Joubert and colleagues recently investigated the naming abilities and semantic memory of subjects with amnestic mild cognitive impairment compared to subjects with early AD (Joubert et al., 2010). They demonstrated that both subject groups have multimodal (visual and verbal) impairment of semantic memory. Furthermore, the voxel-based morphometric analysis of the neuroanatomic correlates of impaired semantic processing revealed clusters within the left inferior frontal gyrus and the left ATL with a localization very similar to our findings. Another similar report was recently published in MCI and AD (Frings et al., 2011). The focality of the brain-behavior relationship identified in the present and these prior studies are especially powerful given that AD is a widely distributed multifocal neurodegenerative disease, as illustrated by our cortical thickness analysis of the AD patient group (Figure 5). Indeed, the focal “functional” lesion illustrated in Figure 4 is impressively similar to the neuroanatomic lesion observed in the semantic variant of Primary Progressive Aphasia (Sapolsky et al., 2010).

Despite the power offered by the sizeable ADNI repository, there are limitations to this study. Most importantly, the naming responses are recorded in the database as simple binary scores which do not enable further insight into the nature of the error (e.g., no response versus erroneous response). Moreover, although successful naming requires access to semantic memory, we cannot definitively determine whether the naming difficulties encountered by this patient cohort are due to a deficit of lexical access or semantic memory stores. That is, semantic impairment in AD may be due to diminished stores of semantic information, impaired access to relatively intact stores of semantic representations, or a combination thereof (Chertkow and Bub, 1990; Chertkow et al., 1989; Giffard et al., 2002; Martin and Fedio, 1983; Nebes, 1989; Parasuraman and Martin, 1994; Reilly et al., 2011). Recent data suggest that intentional access to semantic information may be impaired as early as the MCI stage of AD (Duong et al., 2006). The cognitive assessment battery employed in ADNI does not include tests that provide further information on semantic memory abilities in patients with naming impairment on the BNT. Although we interpret our findings as supporting the ATL as a key hub-like node in the semantic memory network, it is also possible that semantic memory impairment could be observed in the setting of an intact hub which is either disconnected from the remainder of the network, or which is connected to other degraded nodes (de Zubicaray et al., 2011; Sonty et al., 2007). Further research will be required to address these issues more directly.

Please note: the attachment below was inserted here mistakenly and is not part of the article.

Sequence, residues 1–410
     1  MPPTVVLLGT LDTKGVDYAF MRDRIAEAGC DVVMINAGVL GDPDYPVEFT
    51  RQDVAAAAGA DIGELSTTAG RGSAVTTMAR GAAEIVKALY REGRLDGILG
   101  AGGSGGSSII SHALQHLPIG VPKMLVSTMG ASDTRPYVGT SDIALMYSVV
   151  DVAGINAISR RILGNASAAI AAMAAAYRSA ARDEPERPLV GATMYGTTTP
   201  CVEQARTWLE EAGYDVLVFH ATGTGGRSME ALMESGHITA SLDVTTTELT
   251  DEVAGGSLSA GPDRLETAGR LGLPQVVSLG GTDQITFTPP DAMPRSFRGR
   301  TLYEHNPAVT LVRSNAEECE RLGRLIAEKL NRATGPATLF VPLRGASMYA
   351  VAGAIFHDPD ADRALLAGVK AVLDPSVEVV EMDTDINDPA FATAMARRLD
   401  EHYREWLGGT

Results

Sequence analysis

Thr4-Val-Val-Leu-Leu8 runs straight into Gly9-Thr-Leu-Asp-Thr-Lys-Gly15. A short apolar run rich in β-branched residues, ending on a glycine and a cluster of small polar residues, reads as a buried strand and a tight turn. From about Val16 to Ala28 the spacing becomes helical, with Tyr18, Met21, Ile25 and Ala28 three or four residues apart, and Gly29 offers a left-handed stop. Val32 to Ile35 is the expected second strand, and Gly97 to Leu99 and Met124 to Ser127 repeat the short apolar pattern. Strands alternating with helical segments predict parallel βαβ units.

Data collection and sharing for this project was funded by the Alzheimer’s Disease Neuroimaging Initiative (ADNI) (National Institutes of Health Grant U01 AG024904). ADNI is funded by the National Institute on Aging, the National Institute of Biomedical Imaging and Bioengineering, and through generous contributions from the following: Abbott; Alzheimer’s Association; Alzheimer’s Drug Discovery Foundation; Amorfix Life Sciences Ltd.; AstraZeneca; Bayer HealthCare; BioClinica, Inc.; Biogen Idec Inc.; Bristol-Myers Squibb Company; Eisai Inc.; Elan Pharmaceuticals Inc.; Eli Lilly and Company; F. Hoffmann-La Roche Ltd and its affiliated company Genentech, Inc.; GE Healthcare; Innogenetics, N.V.; Janssen Alzheimer Immunotherapy Research & Development, LLC.; Johnson & Johnson Pharmaceutical Research & Development LLC.; Medpace, Inc.; Merck & Co., Inc.; Meso Scale Diagnostics, LLC.; Novartis Pharmaceuticals Corporation; Pfizer Inc.; Servier; Synarc Inc.; and Takeda Pharmaceutical Company. The Canadian Institutes of Health Research is providing funds to support ADNI clinical sites in Canada. Private sector contributions are facilitated by the Foundation for the National Institutes of Health ( The grantee organization is the Northern California Institute for Research and Education, and the study is coordinated by the Alzheimer’s Disease Cooperative Study at the University of California, San Diego. ADNI data are disseminated by the Laboratory for Neuro Imaging at the University of California, Los Angeles. This research was also supported by NIH grants P30 AG010129, K01 AG030514, and the Dana Foundation. In addition, this work was supported by grants from the NIA R01-AG29411, R21-AG29840, P50-AG005134, and the Alzheimer’s Association. The authors express special appreciation to Dr. Jeffrey Binder for sharing data with us.